25. S0 S1 S7 S2 S6 S3 S5 S4 Synthesis with T Flip-Flops 1/4 • Example: 3-bit binary counter with T flip-flops • 012 ...  7  0  1  2 How many flip-flops? • State assignments: • S0 000 • S1 001 • S2 010 • ... • S7 111 State Diagram

    26. present state next state FF inputs A2 A1 A0 A2 A1 A0 T2 T1 T0 0 0 0 0 0 1 0 0 1 0 1 0 0 1 0 0 1 1 0 1 1 1 0 0 1 0 0 1 0 1 1 0 1 1 1 0 1 1 0 1 1 1 1 1 1 0 0 0 Synthesis with T Flip-Flops 2/4 • State Table

    27. Synthesis with T Flip-Flops 3/4 • Flip-Flop input equations T2 = A1A0 T0 = 1 T1 = A0

    28. A0 logic-1 T0 Q T C R A1 T1 Q T C R A2 T2 Q T clock C R reset Synthesis with T Flip-Flops 4/4 • Circuit T2 = A1A0 T1 = A0 T0 = 1

    29. Present state Input next state Flip-flop inputs A B x A B JA KA JB KB 0 0 0 0 0 0 X 0 X 0 0 1 0 1 0 X 1 X 0 1 0 1 0 1 X X 1 0 1 1 0 1 0 X X 0 1 0 0 1 0 X 0 0 X 1 0 1 1 1 X 0 1 X 1 1 0 1 1 X 0 1 1 1 0 0 X 1 X 1 Synthesis with JK Flip-Flops 1/4 Q(t+1) = JQ’ + K’Q • State Table & JK FF Inputs X 0

    30. Flip-flop inputs A B x A(t+1) B(t+1) JA KA JB KB 0 0 0 0 0 0 X 0 X 0 0 1 0 1 0 X 1 X 0 1 0 1 0 1 X X 1 0 1 1 0 1 0 X X 0 1 0 0 1 0 X 0 0 X 1 0 1 1 1 X 0 1 X 1 1 0 1 1 X 0 1 1 1 0 0 X 1 X 1 Synthesis with JK Flip-Flops 2/4 • Optimize the flip-flop input equations X 0 JA = Bx’ JB = x

    31. Flip-flop inputs A B x A(t+1) B(t+1) JA KA JB KB 0 0 0 0 0 0 X 0 X 0 0 1 0 1 0 X 1 X 0 1 0 1 0 1 X X 1 0 1 1 0 1 0 X X 0 1 0 0 1 0 X 0 0 X 1 0 1 1 1 X 0 1 X 1 1 0 1 1 X 0 1 1 1 0 0 X 1 X 1 Synthesis with JK Flip-Flops 3/4 X 0 KA = Bx KB = (A  x)’

    32. JA = Bx’ KA = Bx JB = x KB = (A  x)’ A Q J x C K B Q J clk C C K Synthesis with JK Flip-Flops 4/4 • Logic diagram Q D

    33. S0 S1 S4 S2 S3 Unused States Modulo-5 counter

    34. Example: Unused States 1/4 A(t+1) = B(t+1) = C(t+1) =

    35. 000 111 Present State Next State A B C A B C 001 100 0 0 0 0 0 1 0 0 1 0 1 0 0 1 0 0 1 1 010 011 0 1 1 1 0 0 1 0 0 0 0 0 1 1 0 0 1 0 1 1 1 1 0 0 101 110 Example: Unused States 2/4 A(t+1) = BC B(t+1) = B  C C(t+1) = A’C’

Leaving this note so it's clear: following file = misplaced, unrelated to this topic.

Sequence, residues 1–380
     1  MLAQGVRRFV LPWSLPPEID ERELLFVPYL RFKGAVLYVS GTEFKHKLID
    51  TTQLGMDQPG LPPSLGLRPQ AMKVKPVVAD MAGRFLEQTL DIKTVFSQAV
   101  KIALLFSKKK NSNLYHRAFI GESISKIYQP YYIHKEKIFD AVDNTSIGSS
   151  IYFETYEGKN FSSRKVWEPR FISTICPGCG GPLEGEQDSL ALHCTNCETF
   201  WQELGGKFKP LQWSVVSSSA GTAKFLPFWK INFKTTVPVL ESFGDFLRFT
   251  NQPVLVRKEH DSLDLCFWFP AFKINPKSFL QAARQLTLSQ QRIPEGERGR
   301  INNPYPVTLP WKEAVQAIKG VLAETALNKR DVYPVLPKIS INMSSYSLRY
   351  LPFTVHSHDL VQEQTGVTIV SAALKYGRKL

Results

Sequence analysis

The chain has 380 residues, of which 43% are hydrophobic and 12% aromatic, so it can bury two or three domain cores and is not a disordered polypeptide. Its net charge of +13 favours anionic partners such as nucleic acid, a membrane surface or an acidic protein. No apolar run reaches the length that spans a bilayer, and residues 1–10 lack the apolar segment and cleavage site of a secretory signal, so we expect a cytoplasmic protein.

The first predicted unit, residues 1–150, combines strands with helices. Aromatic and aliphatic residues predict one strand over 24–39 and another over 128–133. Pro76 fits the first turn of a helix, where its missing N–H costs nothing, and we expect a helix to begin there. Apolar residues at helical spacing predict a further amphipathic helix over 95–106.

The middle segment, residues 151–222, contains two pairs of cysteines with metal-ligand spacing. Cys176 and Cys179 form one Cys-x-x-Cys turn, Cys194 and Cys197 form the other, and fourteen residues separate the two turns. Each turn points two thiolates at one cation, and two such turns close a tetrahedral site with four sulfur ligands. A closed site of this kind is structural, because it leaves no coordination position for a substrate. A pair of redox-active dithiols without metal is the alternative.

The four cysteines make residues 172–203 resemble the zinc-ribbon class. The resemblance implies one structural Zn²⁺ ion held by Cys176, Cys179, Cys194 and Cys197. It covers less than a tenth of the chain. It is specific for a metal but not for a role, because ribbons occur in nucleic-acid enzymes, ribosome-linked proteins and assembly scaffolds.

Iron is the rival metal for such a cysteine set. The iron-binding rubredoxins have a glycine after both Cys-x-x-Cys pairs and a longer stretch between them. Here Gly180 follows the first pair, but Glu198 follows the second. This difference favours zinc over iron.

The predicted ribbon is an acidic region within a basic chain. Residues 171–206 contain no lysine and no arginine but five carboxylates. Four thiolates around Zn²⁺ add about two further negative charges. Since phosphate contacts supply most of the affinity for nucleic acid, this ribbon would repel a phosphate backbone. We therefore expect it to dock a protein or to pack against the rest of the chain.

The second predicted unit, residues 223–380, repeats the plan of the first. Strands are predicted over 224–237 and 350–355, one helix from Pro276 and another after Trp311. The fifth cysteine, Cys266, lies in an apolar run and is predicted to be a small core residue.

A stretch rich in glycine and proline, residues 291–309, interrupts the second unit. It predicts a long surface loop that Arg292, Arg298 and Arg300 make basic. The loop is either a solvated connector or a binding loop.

36. Example: Unused States 3/4 • Not using don’t care conditions A(t+1) = A’BC B(t+1) = A’B’C + A’BC’ = A’(B  C) C(t+1) = A’C’

    37. 111 000 110 101 001 100 010 011 A(t+1) = A’BC B(t+1) = A’(B  C) C(t+1) = A’C’ Example: Unused States 4/4

    38. th ts D Q tp, FF Sequential Circuit Timing 1/3 • It is important to analyze the timing behavior of a sequential circuit • Ultimate goal is to determine the maximum clock frequency clk

    39. Combinational Circuit inputs outputs tp,COMB current state Flip-flop inputs Flip-flops Q D tp,FF ts clock C Sequential Circuit Timing 2/3 tp clk ts tp,FF tp,COMB tp= tp,FF+ tp,COMB+ts

    40. Combinational Circuit inputs outputs tp,COMB current state Flip-flop inputs Flip-flops Q D tp,FF clock C Sequential Circuit Timing 2/3 tp clk ts tp,FF tp,COMB tp,FF+ tp,COMB>>th

    41. tp clk ts tp,FF tp,COMB tp clk ts tp,FF tp,COMB Sequential Circuit Timing 3/3 • Minimum clock period (or maximum clock frequency)

    42. Q D C B A B’ clk y x tp,NOT = 0.5 ns tp,XOR = 2.0 ns tp,FF = 2.0 ns tp,AND = ts = 1.0 ns th = 0.25 ns Example: Sequential Circuit Timing Find the longest path delay from external input to the output tp,XOR + tp,XOR = 2.0 + 2.0 = 4.0 ns

    43. Q D C B A B’ clk y x tp,NOT = 0.5 ns tp,XOR = 2.0 ns tp,FF = 2.0 ns tp,AND = ts = 1.0 ns th = 0.25 ns Example: Sequential Circuit Timing Find the longest path delay in the circuit from external input to positive clock edge tp,XOR + tp,NOT = 2.0 + 0.5 = 2.5 ns

    44. Q D C B A B’ clk y x tp,NOT = 0.5 ns tp,XOR = 2.0 ns tp,FF = 2.0 ns tp,AND = ts = 1.0 ns th = 0.25 ns Example: Sequential Circuit Timing Find the longest path delay from positive clock edge to output tp,FF + tp,XOR = 2.0 + 2.0 = 4.0 ns

    45. Q D C B A B’ clk y x tp,NOT = 0.5 ns tp,XOR = 2.0 ns tp,FF = 2.0 ns tp,AND = ts = 1.0 ns th = 0.25 ns Example: Sequential Circuit Timing Find the longest path delay from positive clock edge to the flip-flop input tp,FF + tp,AND + tp,XOR + tp,NOT= 2.0 + 1.0 + 2.0 + 0.5 = 5.5 ns

    46. Q D C B A B’ clk y x tp,NOT = 0.5 ns tp,XOR = 2.0 ns tp,FF = 2.0 ns tp,AND = ts = 1.0 ns th = 0.25 ns Example: Sequential Circuit Timing Determine the maximum frequency of operation of the circuit in megahertz tp = tp,FF + tp,AND + tp,XOR + tp,NOT + ? = 2.0 + 1.0 + 2.0 + 0.5 + 1.0 = 6.5 ns fmax = 1/tp = 1/(6.5×10-9)  154 MHz

    47. S0 S3 x1 Q D C S1 S2 x0 tp,XOR = 2.0 ns Q D C tp,FF = 2.0 ns x0’ ts = 1.0 ns Example Binary encoding tp = tp,FF + tp,XOR + ts = 2.0 + 2.0 + 1.0 = 5.0 ns fmax = 1/tp = 1/(5.0×10-9)  200 MHz

    48. y0 Q Q Q Q D D D D C C C C tp,FF = 2.0 ns y1 ts = 1.0 ns y2 y3 Example: One-Hot-Encoding S0 0001 S1 0010 S2 0100 S3 1000 tp = tp,FF + ts = 2.0 + 1.0 = 3.0 ns fmax = 1/tp = 1/(3.0×10-9)  333 MHz